George Knapp was joined by crime reporter George Anastasia, who detailed his extensive research into the notorious Gotti family of organized crime lore. He observed that the Gotti family and their penchant for garnering media attention was a stark contrast to the traditional mafia principle of "make money, don't make headlines." To that end, he revealed how John Gotti Senior purposely cultivated the image of a mafia boss with his expensive wardrobe, but that he actually had no fashion sense and had to rely on an underling named "Fat Bob" to help him dress the part. While Anastasia credited Gotti Sr. for being able to consolidate his power and navigate the politics of organized crime, he described Gotti's son and successor as someone who inherited the position due to the family name rather than any particular leadership skills.
Over the course of his appearance, Anastasia recalled how he gained unprecedented insight into the Gotti family via a man named John Alite, who had been one of their closest associates. Initially a small time drug dealer, Alite realized he could make more money by working with the Gotti family, so he slowly insinuated himself into their organization over time. After an attempted shooting went awry due to the incompetence of Gotti Jr. and his cohorts, Alite began to grow weary of working with them. He also started to realize that he was being positioned as the fall guy for Gotti Jr.'s missteps and, ultimately, had to flee the country after being named as the target of a hit. Following a whirlwind trip around the globe, Alite would eventually decide to testify against the Gotti family and tell his story of working with the organization.
Anastasia expressed hope that his work can help "deconstruct the myths" surrounding the American mafia which has become increasingly glorified in movies and television programs. Despite how organized crime is portrayed in the media, Anastasia declared that "it's not men of honor and loyalty, it's more treachery and deceit." To that end, he noted that one longstanding misconception surrounding the mafia is that they avoided getting involved in the drug trade due to a moral stance. Anastasia contended that the real reason for their reticence was that drug trafficking involved dealing with too many unstable characters and could also draw the attention of a more ardent arm of law enforcement. Those factors, he said, made drug dealing a less desirable enterprise compared to the easy money that could be garnered through gambling rings and serving as loan sharks.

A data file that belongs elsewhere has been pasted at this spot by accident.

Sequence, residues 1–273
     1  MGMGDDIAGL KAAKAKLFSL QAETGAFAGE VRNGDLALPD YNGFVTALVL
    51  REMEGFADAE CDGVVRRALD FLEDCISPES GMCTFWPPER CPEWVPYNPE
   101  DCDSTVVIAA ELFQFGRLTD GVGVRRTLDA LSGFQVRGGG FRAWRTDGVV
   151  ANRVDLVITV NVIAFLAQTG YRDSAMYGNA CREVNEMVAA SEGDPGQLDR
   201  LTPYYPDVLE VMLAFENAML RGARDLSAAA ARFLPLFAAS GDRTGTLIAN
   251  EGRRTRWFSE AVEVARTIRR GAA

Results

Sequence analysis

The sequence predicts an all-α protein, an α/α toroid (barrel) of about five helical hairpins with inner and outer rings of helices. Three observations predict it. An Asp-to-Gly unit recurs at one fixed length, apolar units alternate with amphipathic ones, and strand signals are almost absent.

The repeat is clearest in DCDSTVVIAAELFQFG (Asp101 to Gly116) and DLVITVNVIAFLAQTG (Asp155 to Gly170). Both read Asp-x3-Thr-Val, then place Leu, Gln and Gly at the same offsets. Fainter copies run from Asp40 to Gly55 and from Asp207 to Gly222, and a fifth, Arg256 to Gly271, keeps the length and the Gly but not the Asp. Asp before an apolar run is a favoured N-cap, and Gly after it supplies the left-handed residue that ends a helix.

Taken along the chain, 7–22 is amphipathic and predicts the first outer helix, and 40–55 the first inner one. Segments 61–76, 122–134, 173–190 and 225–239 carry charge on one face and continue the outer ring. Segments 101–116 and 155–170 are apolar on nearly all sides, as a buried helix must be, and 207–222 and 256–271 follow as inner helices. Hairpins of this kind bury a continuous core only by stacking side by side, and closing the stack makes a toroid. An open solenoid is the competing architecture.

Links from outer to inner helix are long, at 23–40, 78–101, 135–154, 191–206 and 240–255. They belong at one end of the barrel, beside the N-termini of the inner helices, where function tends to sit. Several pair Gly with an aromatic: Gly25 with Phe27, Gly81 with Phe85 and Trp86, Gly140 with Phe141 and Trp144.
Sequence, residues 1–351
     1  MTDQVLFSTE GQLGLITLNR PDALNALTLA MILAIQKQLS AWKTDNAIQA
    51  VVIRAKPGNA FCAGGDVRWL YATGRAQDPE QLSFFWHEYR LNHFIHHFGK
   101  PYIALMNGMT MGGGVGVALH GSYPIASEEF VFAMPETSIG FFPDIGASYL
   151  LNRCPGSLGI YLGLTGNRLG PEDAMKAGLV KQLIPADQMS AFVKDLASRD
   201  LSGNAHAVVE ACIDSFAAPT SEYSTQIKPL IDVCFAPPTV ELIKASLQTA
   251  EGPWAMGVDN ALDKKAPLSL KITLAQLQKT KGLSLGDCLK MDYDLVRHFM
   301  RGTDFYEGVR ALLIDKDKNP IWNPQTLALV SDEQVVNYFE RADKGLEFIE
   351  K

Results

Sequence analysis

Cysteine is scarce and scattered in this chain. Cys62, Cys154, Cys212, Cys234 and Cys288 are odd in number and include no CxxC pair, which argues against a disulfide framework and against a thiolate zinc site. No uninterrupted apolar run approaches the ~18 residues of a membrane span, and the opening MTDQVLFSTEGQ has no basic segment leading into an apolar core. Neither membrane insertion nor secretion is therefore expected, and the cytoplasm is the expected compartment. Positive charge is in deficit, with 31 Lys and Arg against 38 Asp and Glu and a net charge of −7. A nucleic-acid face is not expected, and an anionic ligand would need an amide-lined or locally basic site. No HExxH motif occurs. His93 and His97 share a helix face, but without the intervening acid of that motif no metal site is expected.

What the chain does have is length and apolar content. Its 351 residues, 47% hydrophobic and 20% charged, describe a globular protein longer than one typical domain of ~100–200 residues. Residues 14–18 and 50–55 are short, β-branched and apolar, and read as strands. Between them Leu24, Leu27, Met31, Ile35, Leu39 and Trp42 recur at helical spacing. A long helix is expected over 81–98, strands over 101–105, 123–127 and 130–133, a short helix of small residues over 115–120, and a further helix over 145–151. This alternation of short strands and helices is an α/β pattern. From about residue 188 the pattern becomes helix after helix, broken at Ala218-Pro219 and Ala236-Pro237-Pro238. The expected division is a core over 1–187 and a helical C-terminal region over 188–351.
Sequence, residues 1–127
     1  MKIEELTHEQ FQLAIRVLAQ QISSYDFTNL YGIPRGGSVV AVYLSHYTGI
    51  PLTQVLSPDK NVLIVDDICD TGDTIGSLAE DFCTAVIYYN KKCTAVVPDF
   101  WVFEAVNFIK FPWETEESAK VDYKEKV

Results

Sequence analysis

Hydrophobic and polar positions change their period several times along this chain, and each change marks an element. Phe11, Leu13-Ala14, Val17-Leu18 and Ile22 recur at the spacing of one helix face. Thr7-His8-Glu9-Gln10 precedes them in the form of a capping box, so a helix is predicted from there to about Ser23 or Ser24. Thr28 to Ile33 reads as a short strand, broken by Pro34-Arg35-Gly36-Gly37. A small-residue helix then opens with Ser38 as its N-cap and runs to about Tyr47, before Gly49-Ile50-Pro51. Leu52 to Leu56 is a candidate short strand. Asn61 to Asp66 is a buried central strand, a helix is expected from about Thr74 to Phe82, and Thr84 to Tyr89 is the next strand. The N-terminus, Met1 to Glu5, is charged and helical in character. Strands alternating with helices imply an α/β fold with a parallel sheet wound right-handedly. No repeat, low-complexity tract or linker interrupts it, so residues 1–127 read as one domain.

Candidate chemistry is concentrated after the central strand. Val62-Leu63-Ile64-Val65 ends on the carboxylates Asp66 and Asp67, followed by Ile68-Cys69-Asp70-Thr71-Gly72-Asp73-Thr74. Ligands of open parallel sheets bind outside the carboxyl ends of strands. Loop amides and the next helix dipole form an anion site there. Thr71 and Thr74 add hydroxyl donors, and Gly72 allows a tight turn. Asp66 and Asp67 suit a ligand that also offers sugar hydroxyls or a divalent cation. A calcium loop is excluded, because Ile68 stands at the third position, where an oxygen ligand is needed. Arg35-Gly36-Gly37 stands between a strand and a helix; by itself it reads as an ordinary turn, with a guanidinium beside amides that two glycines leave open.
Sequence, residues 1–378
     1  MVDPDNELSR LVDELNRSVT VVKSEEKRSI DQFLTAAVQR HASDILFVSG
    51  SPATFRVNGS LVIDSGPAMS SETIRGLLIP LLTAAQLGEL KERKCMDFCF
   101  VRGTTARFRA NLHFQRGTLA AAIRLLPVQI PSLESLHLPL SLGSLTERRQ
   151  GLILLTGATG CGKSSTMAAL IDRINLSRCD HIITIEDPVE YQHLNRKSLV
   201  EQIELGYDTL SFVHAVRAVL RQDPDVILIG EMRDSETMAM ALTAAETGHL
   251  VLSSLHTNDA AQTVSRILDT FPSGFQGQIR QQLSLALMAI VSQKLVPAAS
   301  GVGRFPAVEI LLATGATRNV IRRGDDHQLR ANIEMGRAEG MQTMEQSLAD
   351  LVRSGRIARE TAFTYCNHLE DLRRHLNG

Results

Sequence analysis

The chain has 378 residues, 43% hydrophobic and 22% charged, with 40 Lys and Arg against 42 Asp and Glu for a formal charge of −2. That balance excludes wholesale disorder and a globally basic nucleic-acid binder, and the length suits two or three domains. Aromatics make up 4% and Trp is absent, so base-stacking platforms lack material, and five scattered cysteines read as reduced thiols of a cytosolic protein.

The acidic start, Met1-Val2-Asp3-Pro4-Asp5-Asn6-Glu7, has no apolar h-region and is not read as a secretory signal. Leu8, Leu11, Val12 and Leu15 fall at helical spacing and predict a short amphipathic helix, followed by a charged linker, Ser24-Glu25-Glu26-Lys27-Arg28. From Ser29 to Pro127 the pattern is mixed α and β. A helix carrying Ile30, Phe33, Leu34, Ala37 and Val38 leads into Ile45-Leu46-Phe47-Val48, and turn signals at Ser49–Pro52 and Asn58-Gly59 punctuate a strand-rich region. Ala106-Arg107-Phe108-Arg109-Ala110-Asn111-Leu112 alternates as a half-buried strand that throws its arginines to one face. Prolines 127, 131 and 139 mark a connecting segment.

In the first hour, Miriam Linna, author and founder of Norton Records, discussed the mystery surrounding the death of musician Bobby Fuller who, at the age of 23, had a Top 10 hit with I Fought the Law and was found dead in a car doused in gasoline outside his Hollywood apartment. "There's no way that a suicide could occur the way the body was found," she said, dismissing the official police conclusion on how Fuller died and pointing out a number of anomalies surrounding his death. However, she was also skeptical that Fuller was intentionally murdered and theorized that he had inadvertently died due to injuries from being beaten. Additionally, Linna attributed the shoddy investigation into Fuller's death to the passing of the Los Angeles police chief which happened two days earlier and subsequently threw the entire department into chaos.
George Knapp shares a number of items that have recently caught his attention including articles on John Podesta and UFO disclosure, NASA's plan to send a submarine to Saturn's moon Titan, and the unsettling tale of a Twitter troll harassing a Sandy Hook victim...
Bumper music from Sunday February 15, 2015